Author: Ming Li

Publisher: Springer Science & Business Media

ISBN: 9781475738605

Release Date: 2013-04-18

Genre: Computers

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## An Introduction to Kolmogorov Complexity and Its Applications

## An Introduction to Kolmogorov Complexity and Its Applications

“The book is outstanding and admirable in many respects. ... is necessary reading for all kinds of readers from undergraduate students to top authorities in the field.” Journal of Symbolic Logic Written by two experts in the field, this is the only comprehensive and unified treatment of the central ideas and applications of Kolmogorov complexity. The book presents a thorough treatment of the subject with a wide range of illustrative applications. Such applications include the randomness of finite objects or infinite sequences, Martin-Loef tests for randomness, information theory, computational learning theory, the complexity of algorithms, and the thermodynamics of computing. It will be ideal for advanced undergraduate students, graduate students, and researchers in computer science, mathematics, cognitive sciences, philosophy, artificial intelligence, statistics, and physics. The book is self-contained in that it contains the basic requirements from mathematics and computer science. Included are also numerous problem sets, comments, source references, and hints to solutions of problems. New topics in this edition include Omega numbers, Kolmogorov–Loveland randomness, universal learning, communication complexity, Kolmogorov's random graphs, time-limited universal distribution, Shannon information and others.
## An Introduction to Kolmogorov Complexity and Its Applications

Briefly, we review the basic elements of computability theory and prob ability theory that are required. Finally, in order to place the subject in the appropriate historical and conceptual context we trace the main roots of Kolmogorov complexity. This way the stage is set for Chapters 2 and 3, where we introduce the notion of optimal effective descriptions of objects. The length of such a description (or the number of bits of information in it) is its Kolmogorov complexity. We treat all aspects of the elementary mathematical theory of Kolmogorov complexity. This body of knowledge may be called algo rithmic complexity theory. The theory of Martin-Lof tests for random ness of finite objects and infinite sequences is inextricably intertwined with the theory of Kolmogorov complexity and is completely treated. We also investigate the statistical properties of finite strings with high Kolmogorov complexity. Both of these topics are eminently useful in the applications part of the book. We also investigate the recursion theoretic properties of Kolmogorov complexity (relations with Godel's incompleteness result), and the Kolmogorov complexity version of infor mation theory, which we may call "algorithmic information theory" or "absolute information theory. " The treatment of algorithmic probability theory in Chapter 4 presup poses Sections 1. 6, 1. 11. 2, and Chapter 3 (at least Sections 3. 1 through 3. 4).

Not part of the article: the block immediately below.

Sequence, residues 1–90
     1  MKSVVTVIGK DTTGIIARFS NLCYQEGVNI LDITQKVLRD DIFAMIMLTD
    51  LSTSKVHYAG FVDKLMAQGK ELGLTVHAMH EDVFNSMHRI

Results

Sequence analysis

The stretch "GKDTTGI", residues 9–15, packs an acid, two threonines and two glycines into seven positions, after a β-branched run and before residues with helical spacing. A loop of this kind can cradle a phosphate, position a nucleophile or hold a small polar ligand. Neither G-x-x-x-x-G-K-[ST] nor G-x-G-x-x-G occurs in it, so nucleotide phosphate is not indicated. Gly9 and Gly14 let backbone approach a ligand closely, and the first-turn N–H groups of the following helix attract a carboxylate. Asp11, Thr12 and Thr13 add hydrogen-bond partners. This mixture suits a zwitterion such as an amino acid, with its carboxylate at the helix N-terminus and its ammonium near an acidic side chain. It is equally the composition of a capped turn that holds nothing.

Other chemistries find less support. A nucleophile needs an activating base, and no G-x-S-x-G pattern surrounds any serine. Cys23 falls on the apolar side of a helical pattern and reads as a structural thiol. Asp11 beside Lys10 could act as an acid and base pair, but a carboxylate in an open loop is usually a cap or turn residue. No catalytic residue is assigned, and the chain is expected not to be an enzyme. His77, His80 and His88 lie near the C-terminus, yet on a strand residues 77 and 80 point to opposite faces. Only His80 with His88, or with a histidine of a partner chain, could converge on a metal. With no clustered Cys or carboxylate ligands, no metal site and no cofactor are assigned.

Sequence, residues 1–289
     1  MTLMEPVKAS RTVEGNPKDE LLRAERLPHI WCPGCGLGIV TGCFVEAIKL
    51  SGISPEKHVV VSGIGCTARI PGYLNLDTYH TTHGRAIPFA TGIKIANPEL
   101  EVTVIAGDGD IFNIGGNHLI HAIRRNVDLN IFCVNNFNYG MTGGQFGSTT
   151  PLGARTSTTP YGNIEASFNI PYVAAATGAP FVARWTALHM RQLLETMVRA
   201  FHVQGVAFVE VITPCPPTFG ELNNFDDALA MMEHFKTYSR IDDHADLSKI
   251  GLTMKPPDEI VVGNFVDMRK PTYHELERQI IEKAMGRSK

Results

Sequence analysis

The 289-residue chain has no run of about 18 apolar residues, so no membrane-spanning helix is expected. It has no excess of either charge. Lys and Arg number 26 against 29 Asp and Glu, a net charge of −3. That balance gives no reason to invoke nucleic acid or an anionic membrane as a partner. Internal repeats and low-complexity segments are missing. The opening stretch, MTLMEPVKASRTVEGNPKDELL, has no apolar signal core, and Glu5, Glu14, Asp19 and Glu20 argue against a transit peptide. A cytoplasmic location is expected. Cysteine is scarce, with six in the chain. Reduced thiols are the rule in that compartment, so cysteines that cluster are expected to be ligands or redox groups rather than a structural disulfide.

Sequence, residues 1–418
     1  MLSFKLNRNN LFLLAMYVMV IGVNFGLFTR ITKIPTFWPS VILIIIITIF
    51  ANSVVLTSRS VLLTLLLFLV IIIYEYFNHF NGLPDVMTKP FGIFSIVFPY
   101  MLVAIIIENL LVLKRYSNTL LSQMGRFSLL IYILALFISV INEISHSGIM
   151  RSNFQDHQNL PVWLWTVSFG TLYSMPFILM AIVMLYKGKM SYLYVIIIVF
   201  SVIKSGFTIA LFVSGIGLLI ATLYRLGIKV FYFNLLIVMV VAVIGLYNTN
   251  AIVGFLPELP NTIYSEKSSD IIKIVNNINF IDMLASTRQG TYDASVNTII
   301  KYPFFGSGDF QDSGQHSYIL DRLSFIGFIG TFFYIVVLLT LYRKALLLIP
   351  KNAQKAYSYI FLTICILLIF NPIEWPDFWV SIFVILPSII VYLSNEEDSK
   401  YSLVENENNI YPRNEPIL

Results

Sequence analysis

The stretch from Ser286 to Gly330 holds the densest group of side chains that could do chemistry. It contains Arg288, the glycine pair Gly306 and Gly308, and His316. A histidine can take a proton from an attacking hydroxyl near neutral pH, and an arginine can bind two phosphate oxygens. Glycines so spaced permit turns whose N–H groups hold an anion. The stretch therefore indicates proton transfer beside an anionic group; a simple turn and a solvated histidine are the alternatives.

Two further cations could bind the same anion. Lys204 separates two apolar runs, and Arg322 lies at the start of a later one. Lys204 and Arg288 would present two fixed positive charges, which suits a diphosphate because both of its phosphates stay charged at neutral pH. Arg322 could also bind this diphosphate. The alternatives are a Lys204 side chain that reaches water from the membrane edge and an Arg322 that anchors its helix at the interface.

## An Introduction to Kolmogorov Complexity and Its Applications

## Algorithmic Randomness and Complexity

Computability and complexity theory are two central areas of research in theoretical computer science. This book provides a systematic, technical development of "algorithmic randomness" and complexity for scientists from diverse fields.
## Universal Artificial Intelligence

Personal motivation. The dream of creating artificial devices that reach or outperform human inteUigence is an old one. It is also one of the dreams of my youth, which have never left me. What makes this challenge so interesting? A solution would have enormous implications on our society, and there are reasons to believe that the AI problem can be solved in my expected lifetime. So, it's worth sticking to it for a lifetime, even if it takes 30 years or so to reap the benefits. The AI problem. The science of artificial intelligence (AI) may be defined as the construction of intelligent systems and their analysis. A natural definition of a system is anything that has an input and an output stream. Intelligence is more complicated. It can have many faces like creativity, solving prob lems, pattern recognition, classification, learning, induction, deduction, build ing analogies, optimization, surviving in an environment, language processing, and knowledge. A formal definition incorporating every aspect of intelligence, however, seems difficult. Most, if not all known facets of intelligence can be formulated as goal driven or, more precisely, as maximizing some utility func tion. It is, therefore, sufficient to study goal-driven AI; e. g. the (biological) goal of animals and humans is to survive and spread. The goal of AI systems should be to be useful to humans.
## Descriptive Complexity

By virtue of the close relationship between logic and relational databases, it turns out that complexity has important applications to databases such as analyzing the parallel time needed to compute a query, and the analysis of nondeterministic classes. This book is a relatively self-contained introduction to the subject, which includes the necessary background material, as well as numerous examples and exercises.
## Kolmogorov Complexity and Algorithmic Randomness